If your income is based on wages and not commission, you treat it as a post-filing issue meaning you do not need to disclose it as an asset. Of course, you will disclose your income when you fill out your budget info. Some trustee's try to recover commissions income on the ground that they were earned pre-petition but paid post-petition. Unless we're talking about a substantial amount of money, I don't think you will have any problems. You don't need to exempt it unless it is deposited in your bank account before you file. Then you would list the amount of money in that account on the date you actually file. Even then, you can exempt it using the "wildcard" exemption under CCP §703. You need to consult a BK attorney to avoid entering the BK landmine, even if you just pay them for the time spent in consultation with you. Good luck.
Generally, when you're talking about that category, the trustee is looking for things like commissions or royalties or other things of that nature. "Normal" income just gets averaged out and put in Schedule I and the Means Test.
I'd recommend finding an attorney to at least verify your work before you file. "What do I do with my income?" I believe is number 3 on the Top 10 Signs You May Need a Bankruptcy Attorney list.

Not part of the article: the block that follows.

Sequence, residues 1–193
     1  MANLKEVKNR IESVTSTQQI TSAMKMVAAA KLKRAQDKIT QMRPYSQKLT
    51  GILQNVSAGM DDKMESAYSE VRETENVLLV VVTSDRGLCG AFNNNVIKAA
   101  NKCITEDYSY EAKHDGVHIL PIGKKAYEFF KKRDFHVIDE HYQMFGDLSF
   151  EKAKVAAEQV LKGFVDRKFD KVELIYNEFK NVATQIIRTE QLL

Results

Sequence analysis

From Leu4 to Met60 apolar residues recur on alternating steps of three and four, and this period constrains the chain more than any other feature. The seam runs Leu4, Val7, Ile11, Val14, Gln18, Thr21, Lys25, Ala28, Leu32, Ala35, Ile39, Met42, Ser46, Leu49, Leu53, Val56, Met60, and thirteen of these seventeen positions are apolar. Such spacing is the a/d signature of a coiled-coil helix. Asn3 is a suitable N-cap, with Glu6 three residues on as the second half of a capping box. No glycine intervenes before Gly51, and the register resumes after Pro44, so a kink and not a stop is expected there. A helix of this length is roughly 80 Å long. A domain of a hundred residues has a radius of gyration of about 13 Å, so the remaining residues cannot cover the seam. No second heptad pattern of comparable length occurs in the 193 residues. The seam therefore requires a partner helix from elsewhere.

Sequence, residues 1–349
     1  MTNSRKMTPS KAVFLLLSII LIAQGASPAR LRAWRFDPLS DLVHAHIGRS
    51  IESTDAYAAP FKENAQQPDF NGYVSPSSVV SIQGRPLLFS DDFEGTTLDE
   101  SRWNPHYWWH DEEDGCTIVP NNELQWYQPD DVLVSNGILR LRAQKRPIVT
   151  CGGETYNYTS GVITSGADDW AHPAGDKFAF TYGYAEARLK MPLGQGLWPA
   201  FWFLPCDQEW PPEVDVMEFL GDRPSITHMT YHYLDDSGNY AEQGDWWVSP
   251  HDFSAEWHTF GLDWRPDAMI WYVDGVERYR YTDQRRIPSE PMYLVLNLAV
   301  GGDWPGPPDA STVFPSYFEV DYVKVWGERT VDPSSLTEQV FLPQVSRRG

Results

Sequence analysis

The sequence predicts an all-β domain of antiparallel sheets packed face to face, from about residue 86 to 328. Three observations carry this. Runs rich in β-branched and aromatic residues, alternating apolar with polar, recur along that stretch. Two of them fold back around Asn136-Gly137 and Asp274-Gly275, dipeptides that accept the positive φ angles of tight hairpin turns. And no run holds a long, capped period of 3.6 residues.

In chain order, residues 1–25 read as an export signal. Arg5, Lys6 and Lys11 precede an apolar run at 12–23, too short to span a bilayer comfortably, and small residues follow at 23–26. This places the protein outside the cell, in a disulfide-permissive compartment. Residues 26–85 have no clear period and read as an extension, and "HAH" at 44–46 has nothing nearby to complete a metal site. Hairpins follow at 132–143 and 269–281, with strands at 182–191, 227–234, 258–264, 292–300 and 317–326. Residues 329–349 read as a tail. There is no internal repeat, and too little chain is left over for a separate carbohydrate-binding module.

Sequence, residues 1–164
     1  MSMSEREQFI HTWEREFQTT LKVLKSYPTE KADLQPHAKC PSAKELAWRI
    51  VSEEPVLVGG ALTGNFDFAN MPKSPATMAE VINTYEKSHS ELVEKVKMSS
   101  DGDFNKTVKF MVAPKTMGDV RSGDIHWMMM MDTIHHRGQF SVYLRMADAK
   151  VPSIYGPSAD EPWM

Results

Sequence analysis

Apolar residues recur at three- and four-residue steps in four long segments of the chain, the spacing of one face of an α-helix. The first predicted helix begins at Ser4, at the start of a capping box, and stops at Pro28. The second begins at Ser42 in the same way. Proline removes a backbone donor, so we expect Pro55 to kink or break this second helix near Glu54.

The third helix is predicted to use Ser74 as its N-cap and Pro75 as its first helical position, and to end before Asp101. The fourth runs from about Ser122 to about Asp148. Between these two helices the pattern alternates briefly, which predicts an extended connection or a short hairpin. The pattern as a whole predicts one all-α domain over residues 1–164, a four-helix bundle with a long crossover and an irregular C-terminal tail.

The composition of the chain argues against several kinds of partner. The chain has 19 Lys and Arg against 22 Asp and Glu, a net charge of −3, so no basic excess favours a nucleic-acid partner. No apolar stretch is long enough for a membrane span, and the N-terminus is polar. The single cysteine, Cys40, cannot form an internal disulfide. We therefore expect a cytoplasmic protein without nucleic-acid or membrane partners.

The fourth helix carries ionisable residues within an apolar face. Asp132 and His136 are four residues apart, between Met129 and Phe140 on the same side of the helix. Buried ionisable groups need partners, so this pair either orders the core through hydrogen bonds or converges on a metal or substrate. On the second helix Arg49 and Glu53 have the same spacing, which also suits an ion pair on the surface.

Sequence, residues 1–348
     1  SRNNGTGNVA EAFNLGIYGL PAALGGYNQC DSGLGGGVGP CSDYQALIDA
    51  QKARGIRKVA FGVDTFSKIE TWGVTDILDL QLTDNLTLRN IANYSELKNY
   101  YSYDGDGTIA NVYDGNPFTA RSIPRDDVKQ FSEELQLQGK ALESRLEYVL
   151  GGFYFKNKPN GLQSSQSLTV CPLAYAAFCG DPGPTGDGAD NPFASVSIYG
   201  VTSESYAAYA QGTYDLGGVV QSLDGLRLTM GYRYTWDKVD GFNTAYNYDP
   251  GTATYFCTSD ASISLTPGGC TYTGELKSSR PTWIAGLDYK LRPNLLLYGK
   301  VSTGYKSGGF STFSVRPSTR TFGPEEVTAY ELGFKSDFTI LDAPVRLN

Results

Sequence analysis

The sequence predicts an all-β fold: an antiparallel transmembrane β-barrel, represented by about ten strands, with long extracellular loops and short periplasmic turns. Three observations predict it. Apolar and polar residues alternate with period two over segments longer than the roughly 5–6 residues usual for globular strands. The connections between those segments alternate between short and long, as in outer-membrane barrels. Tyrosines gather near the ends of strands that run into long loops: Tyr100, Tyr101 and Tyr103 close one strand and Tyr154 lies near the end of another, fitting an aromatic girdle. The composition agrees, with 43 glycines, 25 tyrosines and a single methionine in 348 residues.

This depends on the Trustee who will oversee your case. Traditionally Bankruptcy Trustees have seen income as an asset only when it has been paid or earned outside of a filer's normal wages (i.e. bonuses, commissions, etc.) And regular wages have only been seen as an asset once they are deposited into your bank account. However, not all Trustees are alike and depending on what other assets you are trying to exempt, a Trustee could request you also account for the regular wages you had earned but didn't receive on the day your case is filed. I have seen Trustees request filers amend their petitions to reflect this earned but unpaid income. Again, it depends on the Trustee and may also depend on the other items in your petition.
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